The work was funded by grants from the National Science Foundation and the National Institutes of Health via the National Institute of General Medical Sciences and the National Institute of Diabetes and Digestive and Kidney Diseases.


Story Source:

The above story is based on materials provided by Yale University. Note: Materials may be edited for content and length.


Journal Reference:

  1. Hee-Sung Park, Michael J. Hohn, Takuya Umehara, Li-Tao Guo, Edith M. Osborne, Jack Benner, Christopher J. Noren, Jesse Rinehart, Dieter Söll. Expanding the Genetic Code of Escherichia coli with Phosphoserine. Science, 2011; 333 (6046): 1151-1154 DOI: 10.1126/science.1207203

Cite This Page:

Yale University. "Protein-making machinery in bacteria successfully re-engineered." ScienceDaily. ScienceDaily, 25 August 2011. <www.sciencedaily.com/releases/2011/08/110825141630.htm>.
Yale University. (2011, August 25). Protein-making machinery in bacteria successfully re-engineered. ScienceDaily. Retrieved September 15, 2014 from www.sciencedaily.com/releases/2011/08/110825141630.htm
Yale University. "Protein-making machinery in bacteria successfully re-engineered." ScienceDaily. www.sciencedaily.com/releases/2011/08/110825141630.htm (accessed September 15, 2014).

Share This



More Plants & Animals News

Monday, September 15, 2014

Featured Research

from universities, journals, and other organizations


Featured Videos

from AP, Reuters, AFP, and other news services

Conservationists Face Uphill PR Battle With New Shark Rules

Conservationists Face Uphill PR Battle With New Shark Rules

Newsy (Sep. 14, 2014) — New conservation measures for shark fishing face an uphill PR battle in the fight to slow shark extinction. Video provided by Newsy
Powered by NewsLook.com
Shocker: Journalists Are Utterly Addicted To Coffee

Shocker: Journalists Are Utterly Addicted To Coffee

Newsy (Sep. 13, 2014) — A U.K. survey found that journalists consumed the most amount of coffee, but that's only the tip of the coffee-related statistics iceberg. Video provided by Newsy
Powered by NewsLook.com
'Magic Mushrooms' Could Help Smokers Quit

'Magic Mushrooms' Could Help Smokers Quit

Newsy (Sep. 11, 2014) — In a small study, researchers found that the majority of long-time smokers quit after taking psilocybin pills and undergoing therapy sessions. Video provided by Newsy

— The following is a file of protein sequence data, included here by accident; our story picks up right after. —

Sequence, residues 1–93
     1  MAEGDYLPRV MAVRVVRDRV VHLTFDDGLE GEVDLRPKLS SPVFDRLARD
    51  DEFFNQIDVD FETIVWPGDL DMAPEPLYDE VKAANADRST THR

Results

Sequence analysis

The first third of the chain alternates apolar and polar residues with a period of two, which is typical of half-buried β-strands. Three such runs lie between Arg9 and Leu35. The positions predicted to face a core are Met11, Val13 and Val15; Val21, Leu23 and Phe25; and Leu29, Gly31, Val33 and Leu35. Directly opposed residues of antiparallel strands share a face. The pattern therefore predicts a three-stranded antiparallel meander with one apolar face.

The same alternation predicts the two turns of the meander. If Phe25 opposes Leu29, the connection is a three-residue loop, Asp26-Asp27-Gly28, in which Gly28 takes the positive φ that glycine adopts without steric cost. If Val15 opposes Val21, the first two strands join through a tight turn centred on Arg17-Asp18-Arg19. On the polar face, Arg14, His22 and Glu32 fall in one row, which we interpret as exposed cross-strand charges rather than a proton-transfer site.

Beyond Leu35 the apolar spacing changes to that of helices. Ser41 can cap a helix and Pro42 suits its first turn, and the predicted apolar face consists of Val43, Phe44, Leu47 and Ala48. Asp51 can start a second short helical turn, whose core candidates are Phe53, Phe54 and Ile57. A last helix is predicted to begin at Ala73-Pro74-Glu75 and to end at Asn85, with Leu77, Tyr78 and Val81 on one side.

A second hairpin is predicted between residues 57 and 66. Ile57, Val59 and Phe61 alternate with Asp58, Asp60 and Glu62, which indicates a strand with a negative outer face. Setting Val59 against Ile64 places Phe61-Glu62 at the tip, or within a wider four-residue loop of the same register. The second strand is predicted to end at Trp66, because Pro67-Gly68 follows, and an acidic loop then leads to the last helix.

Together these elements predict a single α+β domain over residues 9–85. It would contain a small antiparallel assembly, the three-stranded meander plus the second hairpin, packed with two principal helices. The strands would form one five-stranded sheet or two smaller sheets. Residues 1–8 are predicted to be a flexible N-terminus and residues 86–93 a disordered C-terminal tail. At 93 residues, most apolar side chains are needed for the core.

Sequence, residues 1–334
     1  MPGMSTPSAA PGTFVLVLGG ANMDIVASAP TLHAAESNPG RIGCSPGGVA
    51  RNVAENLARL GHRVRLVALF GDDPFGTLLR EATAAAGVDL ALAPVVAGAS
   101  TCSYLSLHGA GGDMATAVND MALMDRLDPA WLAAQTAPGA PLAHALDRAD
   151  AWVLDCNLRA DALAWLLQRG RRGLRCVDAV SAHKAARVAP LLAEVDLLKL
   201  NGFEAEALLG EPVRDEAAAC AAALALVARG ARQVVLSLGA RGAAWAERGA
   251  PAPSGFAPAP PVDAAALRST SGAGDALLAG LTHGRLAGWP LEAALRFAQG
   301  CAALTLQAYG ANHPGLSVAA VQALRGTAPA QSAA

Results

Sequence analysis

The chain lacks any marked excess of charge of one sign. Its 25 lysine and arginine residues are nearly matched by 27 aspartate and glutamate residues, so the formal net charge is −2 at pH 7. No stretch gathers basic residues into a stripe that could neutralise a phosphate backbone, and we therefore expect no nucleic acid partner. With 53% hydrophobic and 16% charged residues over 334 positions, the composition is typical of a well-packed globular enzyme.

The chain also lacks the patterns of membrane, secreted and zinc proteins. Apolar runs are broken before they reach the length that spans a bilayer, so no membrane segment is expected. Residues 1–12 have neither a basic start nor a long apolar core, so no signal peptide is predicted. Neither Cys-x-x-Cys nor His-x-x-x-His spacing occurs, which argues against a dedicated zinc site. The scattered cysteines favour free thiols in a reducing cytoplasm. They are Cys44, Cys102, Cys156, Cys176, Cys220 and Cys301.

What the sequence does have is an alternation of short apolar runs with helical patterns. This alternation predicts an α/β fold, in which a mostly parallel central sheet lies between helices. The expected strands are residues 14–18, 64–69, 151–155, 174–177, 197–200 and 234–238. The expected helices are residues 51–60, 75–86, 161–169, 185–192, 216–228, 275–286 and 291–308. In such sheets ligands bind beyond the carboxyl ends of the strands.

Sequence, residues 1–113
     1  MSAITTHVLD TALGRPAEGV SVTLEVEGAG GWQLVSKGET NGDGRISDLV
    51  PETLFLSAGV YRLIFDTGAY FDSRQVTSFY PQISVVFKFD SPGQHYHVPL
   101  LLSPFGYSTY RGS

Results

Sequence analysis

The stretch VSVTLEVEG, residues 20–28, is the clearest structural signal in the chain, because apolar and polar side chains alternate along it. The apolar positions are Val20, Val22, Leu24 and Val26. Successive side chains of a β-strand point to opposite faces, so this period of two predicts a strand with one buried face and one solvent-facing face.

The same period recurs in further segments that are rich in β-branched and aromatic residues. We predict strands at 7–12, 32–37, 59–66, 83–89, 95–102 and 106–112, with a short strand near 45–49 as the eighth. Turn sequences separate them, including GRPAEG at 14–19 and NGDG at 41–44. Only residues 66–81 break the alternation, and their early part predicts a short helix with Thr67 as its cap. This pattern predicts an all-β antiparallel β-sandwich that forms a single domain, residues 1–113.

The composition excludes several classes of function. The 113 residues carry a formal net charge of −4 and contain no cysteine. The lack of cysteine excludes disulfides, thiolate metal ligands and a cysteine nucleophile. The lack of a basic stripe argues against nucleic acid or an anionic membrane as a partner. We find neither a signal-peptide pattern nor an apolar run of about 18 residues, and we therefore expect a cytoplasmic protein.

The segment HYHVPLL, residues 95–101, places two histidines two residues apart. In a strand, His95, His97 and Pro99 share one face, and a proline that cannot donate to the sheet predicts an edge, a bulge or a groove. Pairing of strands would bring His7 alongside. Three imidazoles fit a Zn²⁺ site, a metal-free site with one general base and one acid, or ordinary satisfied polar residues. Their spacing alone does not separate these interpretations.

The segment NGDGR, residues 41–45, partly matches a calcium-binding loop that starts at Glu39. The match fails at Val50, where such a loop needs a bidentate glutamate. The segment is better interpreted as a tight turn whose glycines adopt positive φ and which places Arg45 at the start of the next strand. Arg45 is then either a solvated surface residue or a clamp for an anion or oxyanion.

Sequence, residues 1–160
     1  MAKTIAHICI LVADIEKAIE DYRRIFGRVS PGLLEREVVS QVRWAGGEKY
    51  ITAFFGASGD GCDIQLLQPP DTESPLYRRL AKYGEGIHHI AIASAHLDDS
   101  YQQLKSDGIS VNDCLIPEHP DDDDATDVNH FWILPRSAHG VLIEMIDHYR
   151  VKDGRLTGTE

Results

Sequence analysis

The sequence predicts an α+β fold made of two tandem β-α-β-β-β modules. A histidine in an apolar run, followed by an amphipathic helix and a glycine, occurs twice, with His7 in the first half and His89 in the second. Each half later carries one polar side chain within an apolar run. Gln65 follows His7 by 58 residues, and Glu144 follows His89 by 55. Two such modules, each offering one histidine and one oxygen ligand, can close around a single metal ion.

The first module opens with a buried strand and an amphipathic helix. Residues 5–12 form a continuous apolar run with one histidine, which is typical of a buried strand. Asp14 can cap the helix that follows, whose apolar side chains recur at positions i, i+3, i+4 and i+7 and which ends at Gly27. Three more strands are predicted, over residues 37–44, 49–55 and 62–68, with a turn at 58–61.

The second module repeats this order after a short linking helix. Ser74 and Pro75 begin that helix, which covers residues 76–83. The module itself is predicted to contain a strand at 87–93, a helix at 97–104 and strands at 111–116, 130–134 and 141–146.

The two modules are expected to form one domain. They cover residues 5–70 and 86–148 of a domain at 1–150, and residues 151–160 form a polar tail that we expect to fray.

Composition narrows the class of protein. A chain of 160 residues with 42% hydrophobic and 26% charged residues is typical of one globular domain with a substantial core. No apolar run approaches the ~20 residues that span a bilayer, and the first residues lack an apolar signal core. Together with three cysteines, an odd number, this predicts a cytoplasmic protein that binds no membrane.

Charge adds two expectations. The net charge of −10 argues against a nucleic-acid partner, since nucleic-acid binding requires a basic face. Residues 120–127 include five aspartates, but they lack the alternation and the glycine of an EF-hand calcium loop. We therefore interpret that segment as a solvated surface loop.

Powered by NewsLook.com
Spinosaurus Could Be First Semi-Aquatic Dinosaur

Spinosaurus Could Be First Semi-Aquatic Dinosaur

Newsy (Sep. 11, 2014) — New research has shown that the Spinosaurus, the largest carnivorous dinosaur, might have been just as well suited for life in the water as on land. Video provided by Newsy
Powered by NewsLook.com

Search ScienceDaily

Number of stories in archives: 140,361

Find with keyword(s):
 
Enter a keyword or phrase to search ScienceDaily for related topics and research stories.

Save/Print:
Share:  

Breaking News:
from the past week

In Other News

... from NewsDaily.com

Science News

Health News

Environment News

Technology News



Save/Print:
Share:  

Free Subscriptions


Get the latest science news with ScienceDaily's free email newsletters, updated daily and weekly. Or view hourly updated newsfeeds in your RSS reader:

Get Social & Mobile


Keep up to date with the latest news from ScienceDaily via social networks and mobile apps:

Have Feedback?


Tell us what you think of ScienceDaily -- we welcome both positive and negative comments. Have any problems using the site? Questions?
Mobile iPhone Android Web
Follow Facebook Twitter Google+
Subscribe RSS Feeds Email Newsletters
Latest Headlines Health & Medicine Mind & Brain Space & Time Matter & Energy Computers & Math Plants & Animals Earth & Climate Fossils & Ruins